By 2040, 60% of ‘meat’ won’t come from dead animals

Experts say two emerging meat alternatives will challenge the conventional meat industry.

Impossible burger

ROBYN BECK/Contributor
  • "Novel vegan meat alternatives" and cultured meat will likely become competitors to traditional meat products, the report says.
  • The report was conducted by the consulting firm A.T. Kearney and was based on expert interviews.
  • Cultured meat isn't yet on the market, but could be by 2021.


A new report predicts that 60 percent of the meat people eat in 2040 won't come from dead animals, but rather from plant-based substitutes and cultured meat. "The large-scale livestock industry is viewed by many as an unnecessary evil," the report states, adding later: "With the advantages of novel vegan meat replacements and cultured meat over conventionally produced meat, it is only a matter of time before they capture a substantial market share."

The report — conducted by the consulting firm A.T. Kearney, and based on expert interviews — found that "classic vegan and vegetarian meat replacements as well as insect-based meat alternatives" probably won't disrupt the $1,000 billion conventional meat industry.

What could? The report identifies two candidates: novel vegan meat replacements, like the Impossible Burger, and cultured meat, which is grown in a lab and doesn't require killing animals. These unconventional meat alternatives have market potential because they taste similar to conventional meat. What's more, both are better for the environment than the conventional meat industry, whose supply chain — from feed production to methane emissions to meat processing — requires massive amounts of energy, and it's unlikely to become any more efficient.

So, for carnivores concerned about the environment, cultured meat could be a way to finally enjoy guilt-free meat. Most consumers seem up for giving it a shot. "Novel vegan meat replacements are marketable due to the trend toward semi-vegetarianism and their sophisticated sensory profile," the report states.

Interestingly, this also applies to cultured meat. In recent surveys, most respondents in Western countries are willing to taste cultured meat and half of them are willing to buy it regularly. Similar studies show that people in India and China are particularly interested in cultured meat. Crucial for consumer acceptance is to educate society to point out the benefits of cultured meat.

Cultured meat will likely hit markets by 2021, experts say. The meat alternative wields great potential because it requires relatively little arable land and water, and because the production process will only become more efficient as the industry grows in scale.

Meat alternatives offer hope for a looming problem: How are we going to feed the world's growing population, which is expected to soar from 7.6 billion in 2018 to 10 billion in 2050? Whatever the answer, it's clear that the inefficiency of the conventional meat industry is a major obstacle, considering more than half of global agricultural production is used to feed livestock, not people.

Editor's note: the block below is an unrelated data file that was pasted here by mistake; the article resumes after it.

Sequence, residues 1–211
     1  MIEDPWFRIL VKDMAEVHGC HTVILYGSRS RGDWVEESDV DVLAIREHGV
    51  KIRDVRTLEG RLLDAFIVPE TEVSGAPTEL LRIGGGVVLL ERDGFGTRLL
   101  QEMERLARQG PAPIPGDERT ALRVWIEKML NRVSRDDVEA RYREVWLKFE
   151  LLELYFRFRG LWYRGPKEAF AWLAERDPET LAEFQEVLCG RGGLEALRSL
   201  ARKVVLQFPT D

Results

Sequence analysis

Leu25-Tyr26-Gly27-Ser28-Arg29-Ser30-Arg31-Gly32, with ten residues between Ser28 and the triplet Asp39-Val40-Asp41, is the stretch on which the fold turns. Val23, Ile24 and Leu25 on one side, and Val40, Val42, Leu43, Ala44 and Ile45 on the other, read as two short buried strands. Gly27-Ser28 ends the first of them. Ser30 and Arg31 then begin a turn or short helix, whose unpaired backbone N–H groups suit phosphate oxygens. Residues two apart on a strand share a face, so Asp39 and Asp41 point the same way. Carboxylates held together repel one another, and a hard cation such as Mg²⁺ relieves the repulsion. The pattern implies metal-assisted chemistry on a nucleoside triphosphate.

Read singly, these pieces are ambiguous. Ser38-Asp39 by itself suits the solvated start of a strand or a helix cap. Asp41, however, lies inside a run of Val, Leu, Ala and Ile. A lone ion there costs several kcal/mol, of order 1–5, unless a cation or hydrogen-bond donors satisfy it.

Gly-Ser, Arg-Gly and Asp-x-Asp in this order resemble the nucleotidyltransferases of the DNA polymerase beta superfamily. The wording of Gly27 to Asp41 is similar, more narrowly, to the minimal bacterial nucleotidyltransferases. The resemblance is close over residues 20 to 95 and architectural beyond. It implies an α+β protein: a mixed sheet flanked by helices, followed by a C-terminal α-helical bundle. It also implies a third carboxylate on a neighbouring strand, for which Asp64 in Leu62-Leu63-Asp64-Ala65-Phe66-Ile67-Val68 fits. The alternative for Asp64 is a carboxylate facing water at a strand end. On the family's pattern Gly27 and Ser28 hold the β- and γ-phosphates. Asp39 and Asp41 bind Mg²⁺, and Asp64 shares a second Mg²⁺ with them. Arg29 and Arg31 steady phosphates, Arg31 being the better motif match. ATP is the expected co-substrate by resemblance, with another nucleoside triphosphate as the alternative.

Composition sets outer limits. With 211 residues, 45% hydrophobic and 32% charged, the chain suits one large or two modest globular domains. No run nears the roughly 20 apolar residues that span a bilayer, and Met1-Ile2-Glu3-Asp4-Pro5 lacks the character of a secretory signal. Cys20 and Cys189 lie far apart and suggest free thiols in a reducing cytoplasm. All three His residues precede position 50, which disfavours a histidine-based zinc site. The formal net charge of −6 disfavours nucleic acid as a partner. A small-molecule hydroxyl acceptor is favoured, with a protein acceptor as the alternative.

3,000-pound Triceratops skull unearthed in South Dakota

"You dream about these kinds of moments when you're a kid," said lead paleontologist David Schmidt.

Excavation of a triceratops skull in South Dakota.

Credit: David Schmidt / Westminster College
Surprising Science
  • The triceratops skull was first discovered in 2019, but was excavated over the summer of 2020.
  • It was discovered in the South Dakota Badlands, an area where the Triceratops roamed some 66 million years ago.
  • Studying dinosaurs helps scientists better understand the evolution of all life on Earth.
Keep reading Show less

A new franchising model offers business opportunities to those who need it most

A socially minded franchise model makes money while improving society.

Freethink
Technology & Innovation
  • A social enterprise in California makes their franchises affordable with low interest loans and guaranteed salaries.
  • The loans are backed by charitable foundations.
  • If scaled up, the model could support tens of thousands of entrepreneurs who are currently financially incapable of entering franchise agreements.
Keep reading Show less

Gamification: can video games change our money habits?

Fintech companies are using elements of video games to make personal finance more fun. But does it work, and what are the risks?

Pixel art scene

Mind & Brain
  • Gamification is the process of incorporating elements of video games into a business, organization, or system, with the goal of boosting engagement or performance.
  • Gamified personal finance apps aim to help people make better financial decisions, often by redirecting destructive financial behaviors (like playing the lottery) toward positive outcomes.
  • Still, gamification has its risks, and scientists are still working to understand how gamification affects our financial behavior.
Keep reading Show less
Sponsored by Million Stories

Want to save more money? Start playing video games.

Playing video games could help you make better decisions about money.

Quantcast